For decades, Hollywood villains were a collection of caricatures straight out of the Daily Worker: rapacious nuclear-power utilities, big chemical cartels, the defense industry, Wall Street sharpies, uptight squares. You always knew who the real bad guy was in a movie or television show because he—and it was always a “he”—was the guy in the suit with the corporate job.
Then, suddenly, things got more interesting. The overall quality of the Hollywood Bad Guy went way, way up, largely because of the television boom that really took off at the turn of the century. There has not been a more complicated and absorbing screen villain than Walter White, the high-school science teacher turned drug kingpin of Breaking Bad. Tony Soprano was a complex and charming psychopath, a monster and a family man all rolled into one. Both of these portrayals took advantage of the bigger storytelling canvas afforded by a multiyear television series, but they also benefited from having no detectable political message, covert or otherwise. They were just character studies, products of a fractured cultural brew made up of the end of the Cold War, an economic collapse, a stateside terrorist attack, Barack Obama, and the rise of the Internet.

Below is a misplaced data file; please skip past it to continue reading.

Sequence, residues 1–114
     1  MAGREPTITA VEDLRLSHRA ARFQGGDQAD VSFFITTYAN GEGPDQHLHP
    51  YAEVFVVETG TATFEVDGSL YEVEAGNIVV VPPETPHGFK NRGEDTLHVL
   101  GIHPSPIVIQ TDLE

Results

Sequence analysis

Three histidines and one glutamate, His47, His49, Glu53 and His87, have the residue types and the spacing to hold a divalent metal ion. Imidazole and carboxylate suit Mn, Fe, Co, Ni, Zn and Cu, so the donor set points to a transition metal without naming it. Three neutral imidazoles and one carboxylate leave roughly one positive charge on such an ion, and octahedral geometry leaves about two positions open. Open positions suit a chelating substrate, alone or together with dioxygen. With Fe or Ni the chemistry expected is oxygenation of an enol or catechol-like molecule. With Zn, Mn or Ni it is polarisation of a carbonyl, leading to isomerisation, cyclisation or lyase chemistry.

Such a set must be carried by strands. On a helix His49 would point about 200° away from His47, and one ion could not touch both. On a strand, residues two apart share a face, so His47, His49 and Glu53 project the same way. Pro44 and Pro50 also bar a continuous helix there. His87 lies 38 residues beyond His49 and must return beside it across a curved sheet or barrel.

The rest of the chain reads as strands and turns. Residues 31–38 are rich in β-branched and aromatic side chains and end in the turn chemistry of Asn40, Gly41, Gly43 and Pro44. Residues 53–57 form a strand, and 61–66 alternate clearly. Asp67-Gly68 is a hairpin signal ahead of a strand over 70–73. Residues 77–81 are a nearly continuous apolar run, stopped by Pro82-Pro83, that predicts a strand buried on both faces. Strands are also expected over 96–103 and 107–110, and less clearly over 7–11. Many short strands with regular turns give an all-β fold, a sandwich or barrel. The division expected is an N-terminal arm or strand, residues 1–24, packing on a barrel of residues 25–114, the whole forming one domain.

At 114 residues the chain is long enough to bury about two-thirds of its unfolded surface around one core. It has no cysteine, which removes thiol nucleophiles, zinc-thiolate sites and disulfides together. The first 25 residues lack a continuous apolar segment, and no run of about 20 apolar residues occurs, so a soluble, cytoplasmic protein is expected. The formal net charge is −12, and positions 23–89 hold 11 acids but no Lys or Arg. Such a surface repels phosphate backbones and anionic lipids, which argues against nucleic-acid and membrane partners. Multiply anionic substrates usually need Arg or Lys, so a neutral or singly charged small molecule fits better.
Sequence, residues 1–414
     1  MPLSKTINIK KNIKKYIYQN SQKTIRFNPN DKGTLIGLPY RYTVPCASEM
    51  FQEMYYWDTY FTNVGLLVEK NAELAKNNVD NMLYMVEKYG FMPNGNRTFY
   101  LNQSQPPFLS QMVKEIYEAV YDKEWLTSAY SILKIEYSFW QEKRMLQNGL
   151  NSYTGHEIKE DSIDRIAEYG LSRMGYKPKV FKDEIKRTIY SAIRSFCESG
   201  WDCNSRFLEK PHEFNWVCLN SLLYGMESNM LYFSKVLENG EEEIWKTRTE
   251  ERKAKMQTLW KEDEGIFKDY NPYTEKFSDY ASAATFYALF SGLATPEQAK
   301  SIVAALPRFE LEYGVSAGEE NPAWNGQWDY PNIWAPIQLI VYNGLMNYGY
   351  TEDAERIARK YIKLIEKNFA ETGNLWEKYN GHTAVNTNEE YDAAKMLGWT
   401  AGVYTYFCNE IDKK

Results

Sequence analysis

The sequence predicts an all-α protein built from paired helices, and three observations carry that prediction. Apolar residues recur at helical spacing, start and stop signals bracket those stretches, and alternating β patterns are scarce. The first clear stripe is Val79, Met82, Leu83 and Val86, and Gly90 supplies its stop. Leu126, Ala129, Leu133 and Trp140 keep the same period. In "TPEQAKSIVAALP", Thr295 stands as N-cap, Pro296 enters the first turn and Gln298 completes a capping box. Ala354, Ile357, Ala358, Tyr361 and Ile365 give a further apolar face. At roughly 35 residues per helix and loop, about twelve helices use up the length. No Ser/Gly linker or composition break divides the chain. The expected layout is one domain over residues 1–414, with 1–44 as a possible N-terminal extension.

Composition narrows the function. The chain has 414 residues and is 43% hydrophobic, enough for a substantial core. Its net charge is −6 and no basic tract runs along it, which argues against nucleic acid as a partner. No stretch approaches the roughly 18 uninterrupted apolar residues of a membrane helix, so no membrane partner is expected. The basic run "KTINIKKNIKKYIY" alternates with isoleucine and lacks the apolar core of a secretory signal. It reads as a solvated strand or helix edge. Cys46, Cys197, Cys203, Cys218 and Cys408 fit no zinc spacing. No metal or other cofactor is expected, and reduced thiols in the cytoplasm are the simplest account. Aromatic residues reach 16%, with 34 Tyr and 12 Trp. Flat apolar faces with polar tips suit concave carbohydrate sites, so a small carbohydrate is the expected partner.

The happy result has been some really great storytelling, with surprising and unforgettable bad guys. Until the presidency of the Baddest of Bad Guys, Donald J. Trump.
For Hollywood, Trump is a cartoon bad guy, too awful for a multiyear biographical television series, where we really get into his issues with Dad, women, hair, weight, pride, money, and public approval. Which is a shame, because honestly, I’d watch that. Where Hollywood looked at Tony Soprano or Walter White (or The Joker, or Hannibal Lecter) and saw something worth exploring and understanding, in Donald J. Trump they see only low-rent one-note badness.